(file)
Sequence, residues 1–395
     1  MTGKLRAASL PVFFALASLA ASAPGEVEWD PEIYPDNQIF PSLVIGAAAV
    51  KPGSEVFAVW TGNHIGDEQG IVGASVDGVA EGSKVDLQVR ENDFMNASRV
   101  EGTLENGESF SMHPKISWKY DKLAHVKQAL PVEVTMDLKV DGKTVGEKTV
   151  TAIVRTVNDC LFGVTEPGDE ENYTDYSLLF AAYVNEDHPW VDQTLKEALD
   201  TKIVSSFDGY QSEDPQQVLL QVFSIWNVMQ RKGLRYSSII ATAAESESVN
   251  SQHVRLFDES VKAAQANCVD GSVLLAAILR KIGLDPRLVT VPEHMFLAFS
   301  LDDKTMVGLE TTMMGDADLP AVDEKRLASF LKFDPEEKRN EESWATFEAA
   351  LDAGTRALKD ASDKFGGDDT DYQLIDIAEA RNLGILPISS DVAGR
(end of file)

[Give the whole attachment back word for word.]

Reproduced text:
Sequence, residues 1–395
     1  MTGKLRAASL PVFFALASLA ASAPGEVEWD PEIYPDNQIF PSLVIGAAAV
    51  KPGSEVFAVW TGNHIGDEQG IVGASVDGVA EGSKVDLQVR ENDFMNASRV
   101  EGTLENGESF SMHPKISWKY DKLAHVKQAL PVEVTMDLKV DGKTVGEKTV
   151  TAIVRTVNDC LFGVTEPGDE ENYTDYSLLF AAYVNEDHPW VDQTLKEALD
   201  TKIVSSFDGY QSEDPQQVLL QVFSIWNVMQ RKGLRYSSII ATAAESESVN
   251  SQHVRLFDES VKAAQANCVD GSVLLAAILR KIGLDPRLVT VPEHMFLAFS
   301  LDDKTMVGLE TTMMGDADLP AVDEKRLASF LKFDPEEKRN EESWATFEAA
   351  LDAGTRALKD ASDKFGGDDT DYQLIDIAEA RNLGILPISS DVAGR